The Justice Department’s decision not to charge former White House chief of staff Mark Meadows or deputy communications director Dan Scavino with contempt of Congress is sending mixed messages about the extent those in the president’s inner circle can flout lawmaker subpoenas.
The Department of Justice sent a letter to the House saying it would not pursue contempt charges against the two men even as it filed charges Friday against Peter Navarro, a former White House economic adviser, for defying a subpoena from the House committee investigating the Jan. 6 attack on the Capitol.
It’s a decision that has left many wishing the DOJ would be more transparent in its rationale for charging some in Trump’s inner circle, but not others.
“I think it’s a disappointing decision by the Justice Department, and without understanding how they reach that decision, it leaves a lot of really troubling questions unanswered,” said David Janovsky, an analyst for The Constitution Project with the Project on Government Oversight.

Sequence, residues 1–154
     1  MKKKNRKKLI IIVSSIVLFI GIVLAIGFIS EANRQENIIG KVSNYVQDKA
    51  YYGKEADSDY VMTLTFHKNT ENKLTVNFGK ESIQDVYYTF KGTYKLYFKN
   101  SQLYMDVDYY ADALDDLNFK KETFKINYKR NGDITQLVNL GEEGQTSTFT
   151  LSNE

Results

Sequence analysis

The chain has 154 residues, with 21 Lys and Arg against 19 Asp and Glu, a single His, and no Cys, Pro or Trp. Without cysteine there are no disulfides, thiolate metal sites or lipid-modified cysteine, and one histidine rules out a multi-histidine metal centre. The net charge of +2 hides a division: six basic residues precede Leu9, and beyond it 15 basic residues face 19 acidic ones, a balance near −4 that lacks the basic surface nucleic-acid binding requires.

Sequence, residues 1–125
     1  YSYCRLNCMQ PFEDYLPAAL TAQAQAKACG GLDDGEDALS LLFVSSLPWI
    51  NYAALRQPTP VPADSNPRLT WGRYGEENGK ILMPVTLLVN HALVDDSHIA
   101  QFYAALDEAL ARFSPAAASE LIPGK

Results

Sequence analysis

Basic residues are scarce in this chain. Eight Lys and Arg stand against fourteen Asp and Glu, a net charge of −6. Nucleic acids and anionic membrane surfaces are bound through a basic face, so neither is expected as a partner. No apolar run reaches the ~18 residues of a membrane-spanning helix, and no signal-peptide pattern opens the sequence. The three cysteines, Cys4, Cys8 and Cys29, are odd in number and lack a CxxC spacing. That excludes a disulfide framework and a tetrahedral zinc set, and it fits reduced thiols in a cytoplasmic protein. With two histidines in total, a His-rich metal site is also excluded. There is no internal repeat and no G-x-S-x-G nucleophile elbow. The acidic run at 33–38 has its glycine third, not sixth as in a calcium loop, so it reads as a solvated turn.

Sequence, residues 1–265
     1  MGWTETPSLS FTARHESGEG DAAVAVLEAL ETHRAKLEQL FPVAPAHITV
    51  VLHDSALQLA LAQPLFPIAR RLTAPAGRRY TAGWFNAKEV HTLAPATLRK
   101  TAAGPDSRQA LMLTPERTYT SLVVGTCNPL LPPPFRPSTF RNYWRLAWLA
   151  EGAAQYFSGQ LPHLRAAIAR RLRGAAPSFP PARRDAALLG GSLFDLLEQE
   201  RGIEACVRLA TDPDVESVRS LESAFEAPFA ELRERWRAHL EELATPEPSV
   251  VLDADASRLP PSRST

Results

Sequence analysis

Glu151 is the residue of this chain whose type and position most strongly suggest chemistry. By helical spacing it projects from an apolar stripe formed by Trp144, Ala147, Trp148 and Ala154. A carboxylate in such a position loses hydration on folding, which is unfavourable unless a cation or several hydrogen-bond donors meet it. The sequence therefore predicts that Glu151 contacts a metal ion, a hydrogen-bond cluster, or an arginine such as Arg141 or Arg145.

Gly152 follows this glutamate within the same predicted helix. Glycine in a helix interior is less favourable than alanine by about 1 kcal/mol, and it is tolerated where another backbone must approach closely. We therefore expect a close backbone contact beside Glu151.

The announcement from the DOJ ended months of speculation over whether the department would charge the two men, who were among the first subpoenaed by the committee, and leaves no further referrals in its queue.
U.S. Attorney Matthew Graves, in a letter to the House counsel, repeatedly notes the DOJ’s need to evaluate the “individualized facts and circumstances” of each case.
“Each referral has been analyzed individually based on the facts and circumstances of the alleged contempt developed through my office’s investigation,” he wrote in a letter first reported by The New York Times.
The Jan. 6 committee called the decision “puzzling” in a late Friday statement noting Meadows’s executive privilege claims are being litigated and asking the DOJ to provide “greater clarity on this matter.”
Meadows and Scavino presented very different cases to DOJ.
Meadows turned over reams of documents to the committee, including some 2,319 text messages. Though he balked before his scheduled deposition and filed a suit against the committee, Meadows’s materials have frequently been the basis for the panel’s subpoenas.
Scavino, in contrast, “has not produced a single document, nor has he appeared for testimony,” the select committee wrote in its report this spring.